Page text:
The Ultimate REA Auctions Review: The Auction Action Series
Auction houses have increasingly become a conduit to sell sport cards, especially cards of high value. At CardLines, we have started a series called Auction Action, which takes a deep dive to examine different auction houses and offers an in-depth review of their operations, offerings, and much more. In this spirit, we present you with the ultimate REA auctions review
Previously, Auction Action kicked off by looking at Heritage Auctions. Now, we continue the reviews with this summary of Robert Edward Auctions.
What Is Robert Edward Auctions (REA)?
While eBay remains a popular venue to buy and sell cards, auction houses can sometimes offer a good alternative. Robert Edward Auctions, or simply REA, is one of the premier houses in the hobby. Based out of Chester, New Jersey, REA is a fixture at all the major card shows, and its advertising can be found on many major card websites and hobby periodicals.
The company has been around for over thirty years and offers some of the highest-end items around. Rob Lifson, the founder of REA, is well known in card circles. In 2012, he brought on current president Bryan Dwyer.
Originally, REA was known for one huge auction a year. Dwyer added a second annual auction shortly after joining. In 2016, Lifson retired, and Dwyer assumed ownership of REA. Since then, the auction house has grown to accommodate mainstream card collectors as well as high rollers. They have done so by adding several smaller auctions on an approximately monthly basis.
What Does REA Specialize In Selling?
According to their website, Robert Edward Auctions specializes in “the very best in all areas of baseball collectibles, as well as other sport, non-sport, and Americana.” However, as you can see from the phrasing, the focus is very much on baseball.
The company has auctioned off many of the most iconic pieces in hobby history, including:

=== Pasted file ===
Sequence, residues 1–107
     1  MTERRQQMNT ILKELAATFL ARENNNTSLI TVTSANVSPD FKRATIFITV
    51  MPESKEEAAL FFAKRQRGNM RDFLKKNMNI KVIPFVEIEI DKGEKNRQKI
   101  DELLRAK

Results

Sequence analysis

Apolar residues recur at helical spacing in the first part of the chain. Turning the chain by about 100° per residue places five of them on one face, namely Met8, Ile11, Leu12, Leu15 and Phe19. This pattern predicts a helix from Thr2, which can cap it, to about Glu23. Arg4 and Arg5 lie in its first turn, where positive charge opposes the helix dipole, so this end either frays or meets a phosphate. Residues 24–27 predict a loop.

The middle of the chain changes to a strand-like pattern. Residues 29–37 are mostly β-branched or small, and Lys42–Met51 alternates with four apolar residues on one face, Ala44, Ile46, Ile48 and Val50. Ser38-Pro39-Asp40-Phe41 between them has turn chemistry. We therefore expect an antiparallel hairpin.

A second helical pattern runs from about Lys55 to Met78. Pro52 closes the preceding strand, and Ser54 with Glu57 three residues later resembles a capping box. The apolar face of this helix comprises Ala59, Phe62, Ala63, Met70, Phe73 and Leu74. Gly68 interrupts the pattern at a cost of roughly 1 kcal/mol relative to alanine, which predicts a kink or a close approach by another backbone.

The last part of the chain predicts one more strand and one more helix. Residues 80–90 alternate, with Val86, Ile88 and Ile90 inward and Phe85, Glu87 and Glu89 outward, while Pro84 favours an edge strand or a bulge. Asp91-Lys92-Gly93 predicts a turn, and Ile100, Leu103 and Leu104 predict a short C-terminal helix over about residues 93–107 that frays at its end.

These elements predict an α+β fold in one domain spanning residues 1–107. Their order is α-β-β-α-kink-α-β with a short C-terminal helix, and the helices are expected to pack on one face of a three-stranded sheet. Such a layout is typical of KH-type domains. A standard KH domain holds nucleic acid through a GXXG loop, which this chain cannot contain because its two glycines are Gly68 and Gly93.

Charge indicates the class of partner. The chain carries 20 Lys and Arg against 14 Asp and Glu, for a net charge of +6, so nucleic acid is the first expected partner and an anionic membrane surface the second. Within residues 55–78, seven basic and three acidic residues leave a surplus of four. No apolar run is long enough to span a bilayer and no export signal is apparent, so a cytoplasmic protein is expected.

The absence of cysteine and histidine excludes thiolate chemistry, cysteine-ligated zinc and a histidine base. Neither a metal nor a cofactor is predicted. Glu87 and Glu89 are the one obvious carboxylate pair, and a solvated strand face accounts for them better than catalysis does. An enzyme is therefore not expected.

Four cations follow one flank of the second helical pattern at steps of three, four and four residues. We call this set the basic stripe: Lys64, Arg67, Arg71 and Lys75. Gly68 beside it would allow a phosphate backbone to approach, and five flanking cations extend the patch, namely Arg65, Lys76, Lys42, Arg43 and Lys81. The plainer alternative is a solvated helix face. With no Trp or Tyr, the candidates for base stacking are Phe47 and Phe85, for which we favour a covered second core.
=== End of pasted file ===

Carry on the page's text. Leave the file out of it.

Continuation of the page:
- T206 Honus Wagner card on at least seven separate occasions, the most expensive of which was a PSA 3 ($1,320,000, Spring 2015)
- 1986-87 Fleer Michael Jordan rookie PSA 10 ($612,000, February 2021)
- 1916 M101-4 Sporting News Babe Ruth Rookie PSA 7 ($600,000, Fall 2017)
- 1914 Baltimore New Babe Ruth ($518,000, Spring 2008)
- T206 Doyle error card PSA 3 ($414,750, Spring 2012)
- Circa 1910 Ty Cobb sliding Conlon Photo – Type 1 ($390,000, Fall 2020)
- Dual signed Babe Ruth/Lou Gehrig baseball ($343,650 Spring 2013)
- 1938 Lou Gehrig Game-Used Yankees Jersey ($329,000 Spring 2011)
What Kind Of Catalog Does REA Use?
REA has a printed catalog for both of their major annual auctions. You can request it through their website. In addition, active bidders will receive a free catalog n the mail and complimentary copies for all future auctions.
To many collectors, the smell of the freshly opened REA catalog on ‘mail day’ marks the beginning of fun-filled hours scouring for baseball treasures. In addition, all the auctions (both major annual and smaller monthly ones) can be found on their easy-to-navigate website.
What Is The Schedule And Frequency Of Auctions?
Robert Edward Auctions has its main auctions in the spring and fall of each year. Their next major auction is scheduled for completion around December 5, 2021. Additionally, their smaller auction occurs more frequently.
Look for the monthly auctions to continue through the winter and into spring, when they will be prepped to offer another major auction.
What Are The Fees For Buyers And Sellers At REA?
Let’s take a look at the fees associated with Robert Edward Auctions. The buyer fees are a standard 20%. Therefore, a lot won with a $100 bid will cost the bidder $120 in actual cost. Additionally, winning bidders will be charged tax (if applicable) and postage and insurance.
The buyer’s premium is often negotiated with the auction house based on the value of the offered item. The more expensive the item, the lower the buyer’s premium. In fact, REA has an easy to use ‘consignment’ tab where interested parties can contact the auction house and discuss details of their potential offerings.